Friday, August 28, 2020

My oh My

 The verdict is out for me on this late hatch. I was out working on the pond and Grady showed up with a hun chick that was about a week old. Although it was still alive it became a study bird. I took a short walk and sure enough jumped Mom who pretended to be hurt and watched several more chicks running through the tall grass. I've never seen hun chicks around here let alone that young.

This late of a hatch couldn't have been from the June rains so I am assuming that the nest probably got destroyed by the cutting of the hay. With only three weeks to the opener these chicks and probably many others around the state will be flying but will be obvious not to be full grown. Shoot or not, it's up to you, but I think we'll be seeing more of these young birds than usual.

This isn't in any way a post for changing the season to a later date because I am against that. I am for keeping every day of the season as is and those that don't want to hunt early or late for whatever reason don't need to go. I am only trying to point out what we might be seeing out there early this year. No matter what size of the bird the dogs love to find them and I love watching them try. 

Be ready to go and get em.

Wednesday, August 19, 2020

Good news to add to Saturdays post.

 Got out this morning for a very short jaunt with the boys in some hun country. Very short because my legs gave out twice making the trip a whole mile round trip. Pretty sad. But the good news is that Grady Jumped two different huns playing the wounded game. Each bird did their thing in keeping Grady chasing and away from what I'm sure was young chicks. Both times I recalled the dogs and moved away from the area. Had the chicks (if they were there) been more than ten days old they would have flushed for short a short distance with the adult bird. I've never seen a chukar or hun fake crippled when there were no chicks so I'm pretty sure they were there which adds more confidence that there are lots of late hatches out there. 


Fingers still crossed.



Saturday, August 15, 2020

Where'd the birds go

 I made my mid August scouting trip today and have to admit to being a little disappointed in the number of birds I saw. Don't get too disgruntled yet because I couldn't cover much country by foot but mostly on the roads. As far as chukars go, I saw fewer of them than ever on this route but the few I found were way up high. Once I got on the mountain I was surprised how dry it is. From a distance things look green but most of that green look is skeleton weed which has absolutely no nutritional value. Grass hoppers were everywhere. Although the mountains are very dry there seems to be plenty of water in the seeps for all of the wildlife to have had a good summer. It was very warm today and Jake just held back with the old cripple as Jake covered the mountain side looking for birds. At two years old he seems to have endless energy no matter what the weather.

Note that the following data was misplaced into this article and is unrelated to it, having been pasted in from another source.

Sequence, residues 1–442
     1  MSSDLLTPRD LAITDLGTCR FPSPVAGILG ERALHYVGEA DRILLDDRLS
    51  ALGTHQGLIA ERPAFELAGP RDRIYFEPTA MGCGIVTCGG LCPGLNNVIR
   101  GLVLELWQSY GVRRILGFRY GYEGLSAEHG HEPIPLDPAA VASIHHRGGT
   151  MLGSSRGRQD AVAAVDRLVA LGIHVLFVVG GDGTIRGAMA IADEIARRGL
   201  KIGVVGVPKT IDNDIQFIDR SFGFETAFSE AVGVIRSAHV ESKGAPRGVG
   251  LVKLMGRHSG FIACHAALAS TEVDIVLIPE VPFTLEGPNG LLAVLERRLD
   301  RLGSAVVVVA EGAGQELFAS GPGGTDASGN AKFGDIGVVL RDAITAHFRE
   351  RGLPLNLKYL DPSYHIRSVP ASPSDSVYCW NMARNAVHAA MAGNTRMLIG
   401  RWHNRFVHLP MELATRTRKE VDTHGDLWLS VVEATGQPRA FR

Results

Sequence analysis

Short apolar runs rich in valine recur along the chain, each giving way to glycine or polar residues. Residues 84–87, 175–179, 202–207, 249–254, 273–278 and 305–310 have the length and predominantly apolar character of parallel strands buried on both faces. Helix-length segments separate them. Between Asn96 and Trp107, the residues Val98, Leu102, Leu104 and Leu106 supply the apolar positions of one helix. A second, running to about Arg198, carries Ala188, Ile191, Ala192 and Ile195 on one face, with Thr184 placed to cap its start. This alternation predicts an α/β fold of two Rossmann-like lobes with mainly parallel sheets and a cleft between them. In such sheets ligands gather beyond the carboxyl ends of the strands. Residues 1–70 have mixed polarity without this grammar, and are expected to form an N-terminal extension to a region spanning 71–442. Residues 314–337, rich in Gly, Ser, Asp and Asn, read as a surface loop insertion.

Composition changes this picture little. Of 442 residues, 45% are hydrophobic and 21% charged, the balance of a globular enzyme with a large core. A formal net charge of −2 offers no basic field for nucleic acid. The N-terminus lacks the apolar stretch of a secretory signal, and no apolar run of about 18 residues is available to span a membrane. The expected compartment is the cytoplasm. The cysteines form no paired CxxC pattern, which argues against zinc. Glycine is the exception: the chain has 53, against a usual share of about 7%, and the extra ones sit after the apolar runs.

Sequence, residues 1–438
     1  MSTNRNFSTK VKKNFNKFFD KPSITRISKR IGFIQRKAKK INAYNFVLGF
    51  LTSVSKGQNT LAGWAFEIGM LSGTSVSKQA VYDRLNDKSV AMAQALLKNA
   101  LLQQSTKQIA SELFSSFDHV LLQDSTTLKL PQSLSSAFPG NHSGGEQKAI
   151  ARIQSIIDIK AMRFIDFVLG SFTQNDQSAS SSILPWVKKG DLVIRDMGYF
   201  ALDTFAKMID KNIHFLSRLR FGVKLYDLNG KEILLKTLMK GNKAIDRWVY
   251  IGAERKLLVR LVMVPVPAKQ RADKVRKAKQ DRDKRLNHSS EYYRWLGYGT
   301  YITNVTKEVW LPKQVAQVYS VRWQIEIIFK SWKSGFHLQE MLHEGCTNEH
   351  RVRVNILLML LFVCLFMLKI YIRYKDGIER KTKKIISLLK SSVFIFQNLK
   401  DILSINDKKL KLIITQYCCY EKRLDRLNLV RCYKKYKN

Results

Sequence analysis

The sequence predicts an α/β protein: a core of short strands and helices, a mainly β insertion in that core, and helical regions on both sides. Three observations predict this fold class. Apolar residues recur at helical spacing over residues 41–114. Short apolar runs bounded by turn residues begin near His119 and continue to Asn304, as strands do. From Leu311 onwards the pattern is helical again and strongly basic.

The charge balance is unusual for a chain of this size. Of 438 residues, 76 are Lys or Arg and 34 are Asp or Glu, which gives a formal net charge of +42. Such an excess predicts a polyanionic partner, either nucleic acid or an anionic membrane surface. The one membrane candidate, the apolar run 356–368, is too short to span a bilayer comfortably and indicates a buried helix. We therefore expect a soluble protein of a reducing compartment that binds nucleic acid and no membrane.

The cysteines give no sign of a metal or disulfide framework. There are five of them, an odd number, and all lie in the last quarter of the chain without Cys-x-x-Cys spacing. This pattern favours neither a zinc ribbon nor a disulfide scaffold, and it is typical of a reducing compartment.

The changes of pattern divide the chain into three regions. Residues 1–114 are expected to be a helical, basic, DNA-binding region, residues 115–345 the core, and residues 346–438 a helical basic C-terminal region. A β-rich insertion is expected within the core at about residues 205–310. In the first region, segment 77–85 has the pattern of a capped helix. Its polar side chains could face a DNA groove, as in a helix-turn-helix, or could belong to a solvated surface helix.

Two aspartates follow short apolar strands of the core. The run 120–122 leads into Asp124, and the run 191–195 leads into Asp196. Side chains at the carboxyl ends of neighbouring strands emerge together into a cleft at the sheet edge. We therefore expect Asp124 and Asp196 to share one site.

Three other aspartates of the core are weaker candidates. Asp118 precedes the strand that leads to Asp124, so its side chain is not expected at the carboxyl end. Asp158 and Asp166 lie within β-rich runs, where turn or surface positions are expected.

Three different times he sent young chukars flying past Jake and I and my guess says they were between 6 and 8 weeks old which means they came from successful first hatches.

I never heard chukar talk which could be good or bad. Either there weren't many birds around or they still had young enough birds that they didn't care to announce their presence. I did see plenty of small chukar track on the trails to believe there was birds of about three to four weeks old or less moving around.

I also found feathers of chicks from our upland birds. This one happens to be from a hun.


I saw two covey of huns from the road and captured this small group of what appeared to be all adult birds.

If quail are any indication of what the upland season will be like, start buying more shells. Those little turds are everywhere but won't sit still long enough for me to get any camera action. There size ranges from half grown to just bigger than bumble bees. If the amount of young quail is any indication of chukar populations, there are a lot of young chukars out there that we couldn't find.


It seemed like every time I came around a corner where there was shade there was another group of quail heading for cover.


The turkeys are also a tale-tale sign of this different summer. I saw one group of probably 50 or 60 birds that were about 3/4 grown with only 6 adult birds as far as I could tell and than I came across this group with different size chicks and as many adults as hens. Strange hatches.
So, there is my scouting report for mid August. Not real exciting but as I said, I kind of whimped out and spent too much time on my butt. In my heart I believe there are a lot of late birds this year but don't want to get all excited about something I can't prove but as soon as the doc gets me fixed I hope to get some better videos of what to expect this season.